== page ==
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Introducing “The Dip” And How It Relates To Anti-Spam Capture Rates

By Ken Simpson | 2 minute read

Our presentation at the recent MAAWG meetings focused on the effectiveness of Inbound Traffic Control in dealing with spam from unknown senders that represent most of drops seen in anti-spam effectiveness.

Two parts of the presentation really stood out with the audience, the second was a look at what a 98% capture-rate really means to an anti-spam lab.

Introducing “the Dip”

Despite 98% long term capture rates leading anti-spam systems experience significant drops in effectiveness when both sender and content are unknown, the most common times being the use of botnets, targeted campaigns not passing through a central lab and new spam approaches.

Any anti-spam lab worth its salt has a display that looks something like this graph in their lab showing their capture rate over time. Most of the time the capture rate is acceptably high, but once in a while – typically several times a day – the spam starts flooding through and then it’s all hands on deck while the lab figures out where that mail is coming from and how to plug the dike this time.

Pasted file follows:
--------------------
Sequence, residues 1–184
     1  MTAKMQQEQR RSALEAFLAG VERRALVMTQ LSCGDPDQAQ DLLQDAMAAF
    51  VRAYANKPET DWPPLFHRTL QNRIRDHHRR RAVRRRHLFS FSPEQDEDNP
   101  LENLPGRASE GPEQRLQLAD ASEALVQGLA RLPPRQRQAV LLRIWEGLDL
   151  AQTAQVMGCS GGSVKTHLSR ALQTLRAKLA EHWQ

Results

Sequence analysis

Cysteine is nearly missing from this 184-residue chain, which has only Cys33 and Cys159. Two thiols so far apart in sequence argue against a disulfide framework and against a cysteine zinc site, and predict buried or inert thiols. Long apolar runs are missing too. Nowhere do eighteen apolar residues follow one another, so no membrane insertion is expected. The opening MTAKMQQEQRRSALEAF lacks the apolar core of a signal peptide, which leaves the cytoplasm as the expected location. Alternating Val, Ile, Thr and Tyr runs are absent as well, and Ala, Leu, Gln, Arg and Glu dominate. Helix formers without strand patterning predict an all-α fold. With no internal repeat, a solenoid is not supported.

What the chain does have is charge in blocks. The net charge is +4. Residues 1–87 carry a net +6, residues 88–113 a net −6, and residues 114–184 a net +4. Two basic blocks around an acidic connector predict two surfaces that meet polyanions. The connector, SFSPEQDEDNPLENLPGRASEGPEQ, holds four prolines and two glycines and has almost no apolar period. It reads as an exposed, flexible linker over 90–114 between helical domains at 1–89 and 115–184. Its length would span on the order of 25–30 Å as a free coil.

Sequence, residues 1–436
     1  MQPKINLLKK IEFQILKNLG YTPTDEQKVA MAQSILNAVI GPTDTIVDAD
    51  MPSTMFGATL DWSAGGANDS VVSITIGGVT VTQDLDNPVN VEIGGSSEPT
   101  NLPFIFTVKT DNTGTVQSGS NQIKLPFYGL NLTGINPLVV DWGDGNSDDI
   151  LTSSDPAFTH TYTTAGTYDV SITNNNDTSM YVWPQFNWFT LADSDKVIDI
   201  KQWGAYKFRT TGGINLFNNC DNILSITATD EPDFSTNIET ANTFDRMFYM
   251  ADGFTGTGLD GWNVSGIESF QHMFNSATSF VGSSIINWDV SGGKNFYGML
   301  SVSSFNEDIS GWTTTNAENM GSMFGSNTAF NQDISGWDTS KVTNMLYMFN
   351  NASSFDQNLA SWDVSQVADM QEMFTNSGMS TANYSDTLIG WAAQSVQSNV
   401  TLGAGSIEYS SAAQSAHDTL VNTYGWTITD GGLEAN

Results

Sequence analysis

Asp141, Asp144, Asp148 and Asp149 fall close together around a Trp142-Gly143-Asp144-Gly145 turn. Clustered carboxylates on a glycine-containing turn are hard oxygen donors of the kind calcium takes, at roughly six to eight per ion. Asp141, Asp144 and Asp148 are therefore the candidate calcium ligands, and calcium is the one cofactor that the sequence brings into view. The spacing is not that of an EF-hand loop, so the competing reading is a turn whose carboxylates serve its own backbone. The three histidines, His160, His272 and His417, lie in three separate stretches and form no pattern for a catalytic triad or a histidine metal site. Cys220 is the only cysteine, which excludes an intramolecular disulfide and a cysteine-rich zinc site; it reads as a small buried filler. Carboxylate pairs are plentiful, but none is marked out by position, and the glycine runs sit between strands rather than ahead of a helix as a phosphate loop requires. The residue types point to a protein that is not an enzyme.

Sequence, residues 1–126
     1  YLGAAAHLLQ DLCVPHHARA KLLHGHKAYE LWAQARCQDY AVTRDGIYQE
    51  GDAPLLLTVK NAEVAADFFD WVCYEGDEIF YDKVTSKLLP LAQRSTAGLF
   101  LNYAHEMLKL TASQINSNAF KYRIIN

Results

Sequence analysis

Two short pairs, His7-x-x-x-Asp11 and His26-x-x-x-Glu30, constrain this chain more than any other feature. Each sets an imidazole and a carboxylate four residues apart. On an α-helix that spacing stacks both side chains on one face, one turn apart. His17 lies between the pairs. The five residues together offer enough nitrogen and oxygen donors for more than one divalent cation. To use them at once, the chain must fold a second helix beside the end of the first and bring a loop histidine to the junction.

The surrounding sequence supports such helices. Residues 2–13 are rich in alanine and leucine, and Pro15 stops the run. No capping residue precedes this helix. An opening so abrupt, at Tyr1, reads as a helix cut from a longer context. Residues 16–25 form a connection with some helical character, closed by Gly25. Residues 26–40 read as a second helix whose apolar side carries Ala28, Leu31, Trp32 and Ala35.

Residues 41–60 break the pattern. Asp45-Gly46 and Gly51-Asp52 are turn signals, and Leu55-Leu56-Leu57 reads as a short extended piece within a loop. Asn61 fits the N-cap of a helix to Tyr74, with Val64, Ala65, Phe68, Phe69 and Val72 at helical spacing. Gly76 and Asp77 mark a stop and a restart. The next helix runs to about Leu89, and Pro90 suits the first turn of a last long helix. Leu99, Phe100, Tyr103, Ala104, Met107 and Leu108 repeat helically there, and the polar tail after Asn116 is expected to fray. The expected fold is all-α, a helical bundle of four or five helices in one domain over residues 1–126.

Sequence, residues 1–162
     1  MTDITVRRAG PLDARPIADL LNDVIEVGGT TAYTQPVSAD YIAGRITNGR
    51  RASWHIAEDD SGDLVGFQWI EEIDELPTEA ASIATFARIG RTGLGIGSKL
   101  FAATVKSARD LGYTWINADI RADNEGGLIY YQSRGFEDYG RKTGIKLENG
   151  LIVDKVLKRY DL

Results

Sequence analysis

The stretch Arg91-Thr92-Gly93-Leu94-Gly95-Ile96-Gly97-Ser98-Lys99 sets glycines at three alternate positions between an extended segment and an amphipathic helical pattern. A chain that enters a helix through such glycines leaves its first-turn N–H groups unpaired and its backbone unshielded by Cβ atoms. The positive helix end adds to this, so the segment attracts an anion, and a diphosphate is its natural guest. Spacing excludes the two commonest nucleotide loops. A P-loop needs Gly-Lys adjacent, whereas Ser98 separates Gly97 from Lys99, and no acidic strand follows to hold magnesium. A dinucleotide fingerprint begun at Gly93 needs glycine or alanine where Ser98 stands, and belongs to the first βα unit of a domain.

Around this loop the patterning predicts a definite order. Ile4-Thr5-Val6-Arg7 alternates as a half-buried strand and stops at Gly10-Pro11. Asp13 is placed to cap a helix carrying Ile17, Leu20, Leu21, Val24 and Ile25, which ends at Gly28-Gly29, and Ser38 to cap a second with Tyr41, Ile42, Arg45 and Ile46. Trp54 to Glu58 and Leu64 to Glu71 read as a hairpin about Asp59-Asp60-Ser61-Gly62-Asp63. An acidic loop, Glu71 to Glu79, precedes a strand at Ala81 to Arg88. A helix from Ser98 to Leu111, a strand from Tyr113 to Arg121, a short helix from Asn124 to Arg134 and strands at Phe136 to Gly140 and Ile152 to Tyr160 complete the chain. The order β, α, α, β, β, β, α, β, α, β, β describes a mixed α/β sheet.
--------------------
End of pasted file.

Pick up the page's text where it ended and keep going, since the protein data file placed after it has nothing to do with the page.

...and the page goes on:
Sometimes the fix is elegant and long lasting, and sometimes its not.
The new technique can be network oriented or content oriented, and in either case the dip is what results.

From an end users and a service provider’s perspective you can flip this curve upside down and the dips become peak traffic loads, spam outbreaks, help desk calls and flooded inboxes.

Dips happen because anti-spam companies cannot have perfect insight into the spamming world.

  • It takes enormous visibility and time to turn a new attack into the actionable quantities of known content and known senders.
  • It takes the best filters 10 minutes to widely deploy a new filter rule capable of really making a dent in a new spam campaign.
  • The blacklists take between 15 and 30 minutes to set up and distribute a new IP block.

Wouldn’t it be great if we could make the unknown senders wait around for a while – at least until we’ve had a chance to set up a filter rule?

In fact we can, this is one of the benefits of Inbound Traffic Control, messages from unknown senders are forced to wait for better anti-spam information. Taking away the spammers head start.

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